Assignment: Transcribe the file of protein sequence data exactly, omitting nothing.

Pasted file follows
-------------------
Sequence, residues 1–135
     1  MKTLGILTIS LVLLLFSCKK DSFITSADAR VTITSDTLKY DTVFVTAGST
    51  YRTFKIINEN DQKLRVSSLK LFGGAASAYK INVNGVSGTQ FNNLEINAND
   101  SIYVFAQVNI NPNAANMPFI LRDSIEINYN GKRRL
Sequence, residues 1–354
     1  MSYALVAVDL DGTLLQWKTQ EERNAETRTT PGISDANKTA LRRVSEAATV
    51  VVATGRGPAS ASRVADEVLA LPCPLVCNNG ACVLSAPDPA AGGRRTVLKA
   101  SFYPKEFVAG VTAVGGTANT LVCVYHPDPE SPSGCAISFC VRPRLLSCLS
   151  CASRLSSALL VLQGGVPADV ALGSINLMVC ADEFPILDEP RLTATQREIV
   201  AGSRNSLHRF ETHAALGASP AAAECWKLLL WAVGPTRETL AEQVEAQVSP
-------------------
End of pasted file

Sequence, residues 1–135
     1  MKTLGILTIS LVLLLFSCKK DSFITSADAR VTITSDTLKY DTVFVTAGST
    51  YRTFKIINEN DQKLRVSSLK LFGGAASAYK INVNGVSGTQ FNNLEINAND
   101  SIYVFAQVNI NPNAANMPFI LRDSIEINYN GKRRL
Sequence, residues 1–354
     1  MSYALVAVDL DGTLLQWKTQ EERNAETRTT PGISDANKTA LRRVSEAATV
    51  VVATGRGPAS ASRVADEVLA LPCPLVCNNG ACVLSAPDPA AGGRRTVLKA
   101  SFYPKEFVAG VTAVGGTANT LVCVYHPDPE SPSGCAISFC VRPRLLSCLS
   151  CASRLSSALL VLQGGVPADV ALGSINLMVC ADEFPILDEP RLTATQREIV
   201  AGSRNSLHRF ETHAALGASP AAAECWKLLL WAVGPTRETL AEQVEAQVSP